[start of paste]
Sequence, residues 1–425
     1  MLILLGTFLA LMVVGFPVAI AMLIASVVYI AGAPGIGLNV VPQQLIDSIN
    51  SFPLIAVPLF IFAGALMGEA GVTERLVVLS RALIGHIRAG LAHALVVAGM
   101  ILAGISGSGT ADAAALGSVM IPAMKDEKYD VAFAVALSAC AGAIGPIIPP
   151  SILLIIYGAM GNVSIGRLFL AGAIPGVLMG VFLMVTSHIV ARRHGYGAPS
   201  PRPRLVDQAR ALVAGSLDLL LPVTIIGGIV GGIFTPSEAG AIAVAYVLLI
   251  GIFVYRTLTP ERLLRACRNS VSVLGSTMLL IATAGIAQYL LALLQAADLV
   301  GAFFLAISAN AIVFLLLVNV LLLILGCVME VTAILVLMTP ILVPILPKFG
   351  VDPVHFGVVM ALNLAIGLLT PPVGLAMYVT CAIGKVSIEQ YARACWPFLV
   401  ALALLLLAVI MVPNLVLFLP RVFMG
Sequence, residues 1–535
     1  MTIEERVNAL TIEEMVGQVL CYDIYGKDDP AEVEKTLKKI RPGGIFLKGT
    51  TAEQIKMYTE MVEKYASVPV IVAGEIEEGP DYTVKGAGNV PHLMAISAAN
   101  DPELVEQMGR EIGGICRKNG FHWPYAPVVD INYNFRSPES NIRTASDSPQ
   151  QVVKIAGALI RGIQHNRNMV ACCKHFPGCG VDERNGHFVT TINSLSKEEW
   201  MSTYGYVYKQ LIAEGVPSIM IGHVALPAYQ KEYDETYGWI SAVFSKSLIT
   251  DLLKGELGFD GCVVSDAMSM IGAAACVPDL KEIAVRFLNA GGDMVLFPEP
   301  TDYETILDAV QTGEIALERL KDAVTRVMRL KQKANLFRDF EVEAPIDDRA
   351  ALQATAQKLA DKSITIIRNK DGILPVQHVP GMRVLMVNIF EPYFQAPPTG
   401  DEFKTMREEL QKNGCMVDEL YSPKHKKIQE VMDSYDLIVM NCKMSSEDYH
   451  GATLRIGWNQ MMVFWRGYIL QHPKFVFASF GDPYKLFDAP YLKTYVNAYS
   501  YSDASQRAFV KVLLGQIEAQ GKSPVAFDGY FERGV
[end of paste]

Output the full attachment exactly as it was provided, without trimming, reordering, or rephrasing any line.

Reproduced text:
Sequence, residues 1–425
     1  MLILLGTFLA LMVVGFPVAI AMLIASVVYI AGAPGIGLNV VPQQLIDSIN
    51  SFPLIAVPLF IFAGALMGEA GVTERLVVLS RALIGHIRAG LAHALVVAGM
   101  ILAGISGSGT ADAAALGSVM IPAMKDEKYD VAFAVALSAC AGAIGPIIPP
   151  SILLIIYGAM GNVSIGRLFL AGAIPGVLMG VFLMVTSHIV ARRHGYGAPS
   201  PRPRLVDQAR ALVAGSLDLL LPVTIIGGIV GGIFTPSEAG AIAVAYVLLI
   251  GIFVYRTLTP ERLLRACRNS VSVLGSTMLL IATAGIAQYL LALLQAADLV
   301  GAFFLAISAN AIVFLLLVNV LLLILGCVME VTAILVLMTP ILVPILPKFG
   351  VDPVHFGVVM ALNLAIGLLT PPVGLAMYVT CAIGKVSIEQ YARACWPFLV
   401  ALALLLLAVI MVPNLVLFLP RVFMG
Sequence, residues 1–535
     1  MTIEERVNAL TIEEMVGQVL CYDIYGKDDP AEVEKTLKKI RPGGIFLKGT
    51  TAEQIKMYTE MVEKYASVPV IVAGEIEEGP DYTVKGAGNV PHLMAISAAN
   101  DPELVEQMGR EIGGICRKNG FHWPYAPVVD INYNFRSPES NIRTASDSPQ
   151  QVVKIAGALI RGIQHNRNMV ACCKHFPGCG VDERNGHFVT TINSLSKEEW
   201  MSTYGYVYKQ LIAEGVPSIM IGHVALPAYQ KEYDETYGWI SAVFSKSLIT
   251  DLLKGELGFD GCVVSDAMSM IGAAACVPDL KEIAVRFLNA GGDMVLFPEP
   301  TDYETILDAV QTGEIALERL KDAVTRVMRL KQKANLFRDF EVEAPIDDRA
   351  ALQATAQKLA DKSITIIRNK DGILPVQHVP GMRVLMVNIF EPYFQAPPTG
   401  DEFKTMREEL QKNGCMVDEL YSPKHKKIQE VMDSYDLIVM NCKMSSEDYH
   451  GATLRIGWNQ MMVFWRGYIL QHPKFVFASF GDPYKLFDAP YLKTYVNAYS
   501  YSDASQRAFV KVLLGQIEAQ GKSPVAFDGY FERGV